In the United States and Canada the ton (weight) most commonly used is the short ton, in Great Britain it is the long ton, and in countries using the metric system it is the metric ton. The register ton and the measurement ton are capacity units used in expressing the tonnage of ships. The English water ton is used, chiefly in Great Britain, in statistics dealing with petroleum products.
There have been many other uses of the term ton such as the timber ton of 40 cubic feet and the wheat ton of 20 bushels, but their use has been local and the meanings have not been consistent from one place to another.
b. Definitions and Uses of "Tonnage"
Properly, the word "tonnage" is used as a noun only in respect to the capacity and dimensions of ships, and to the amount of the ship's cargo. There are two distinct kinds of tonnage, namely, vessel tonnage and cargo tonnage and each of these is used in various meanings.
The several kinds of vessel tonnage are as follows:
Gross tonnage, or gross register tonnage, is the total cubical capacity of a ship expressed in register tons of 100 cubic feet, or 2.83 cubic meters, less such space as hatchways, bakeries, galleys, etc., as are exempted from measurement by different governments. There is some lack of uniformity in the gross tonnages as given by different nations on account of lack of agreement on the spaces that are to be exempted.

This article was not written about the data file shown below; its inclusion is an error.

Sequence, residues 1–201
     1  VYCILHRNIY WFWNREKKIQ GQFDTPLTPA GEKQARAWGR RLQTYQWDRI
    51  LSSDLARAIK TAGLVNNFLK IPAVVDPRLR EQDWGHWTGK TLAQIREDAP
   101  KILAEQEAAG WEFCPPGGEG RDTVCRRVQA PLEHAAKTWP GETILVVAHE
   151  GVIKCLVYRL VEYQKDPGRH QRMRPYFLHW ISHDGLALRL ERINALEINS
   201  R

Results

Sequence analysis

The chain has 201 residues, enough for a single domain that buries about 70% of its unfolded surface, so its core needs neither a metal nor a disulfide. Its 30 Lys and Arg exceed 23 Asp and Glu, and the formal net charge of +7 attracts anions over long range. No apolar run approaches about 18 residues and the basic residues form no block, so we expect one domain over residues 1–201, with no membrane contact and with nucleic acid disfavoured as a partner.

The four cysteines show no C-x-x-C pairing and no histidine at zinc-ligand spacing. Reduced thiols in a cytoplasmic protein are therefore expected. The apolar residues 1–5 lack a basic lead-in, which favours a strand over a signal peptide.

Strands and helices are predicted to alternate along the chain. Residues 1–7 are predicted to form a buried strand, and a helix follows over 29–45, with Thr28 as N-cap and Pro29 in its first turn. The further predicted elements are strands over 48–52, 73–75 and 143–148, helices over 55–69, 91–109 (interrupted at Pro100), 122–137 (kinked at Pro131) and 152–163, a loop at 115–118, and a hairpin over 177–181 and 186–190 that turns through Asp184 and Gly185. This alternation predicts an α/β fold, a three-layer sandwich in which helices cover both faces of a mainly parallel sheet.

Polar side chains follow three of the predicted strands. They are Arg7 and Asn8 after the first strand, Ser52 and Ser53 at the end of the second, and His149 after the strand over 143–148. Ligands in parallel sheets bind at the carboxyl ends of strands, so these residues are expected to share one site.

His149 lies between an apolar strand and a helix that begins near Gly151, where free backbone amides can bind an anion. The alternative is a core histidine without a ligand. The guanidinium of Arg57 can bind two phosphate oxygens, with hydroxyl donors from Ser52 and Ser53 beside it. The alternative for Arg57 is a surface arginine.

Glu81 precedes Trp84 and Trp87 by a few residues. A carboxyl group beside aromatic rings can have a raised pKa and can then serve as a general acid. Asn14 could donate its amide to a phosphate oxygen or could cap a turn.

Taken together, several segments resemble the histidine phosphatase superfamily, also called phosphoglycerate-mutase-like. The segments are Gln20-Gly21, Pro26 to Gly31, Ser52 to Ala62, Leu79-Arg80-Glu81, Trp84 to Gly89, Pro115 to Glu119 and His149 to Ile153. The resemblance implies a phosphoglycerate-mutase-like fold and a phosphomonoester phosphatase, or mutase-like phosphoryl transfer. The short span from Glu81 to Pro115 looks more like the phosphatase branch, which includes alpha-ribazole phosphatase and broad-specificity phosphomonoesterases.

Official merchant marine statistics of most countries are published in terms of the gross register tonnage. Press references to ship tonnage are usually to the gross tonnage.
The net tonnage, or net register tonnage, is the gross tonnage less the different spaces specified by maritime nations in their measurement rules and laws. The spaces that are deducted are those totally unavailable for carrying cargo, such as the engine room, coal bunkers, crews quarters, chart and instrument room, etc.
The net tonnage is used in computing the amount of cargo that can be loaded on a ship. It is used as the basis for wharfage and other similar charges.
The register under-deck tonnage is the cubical capacity of a ship under her tonnage deck expressed in register tons. In a vessel having more than one deck the tonnage deck is the second from the keel.
There are several variations of displacement tonnage.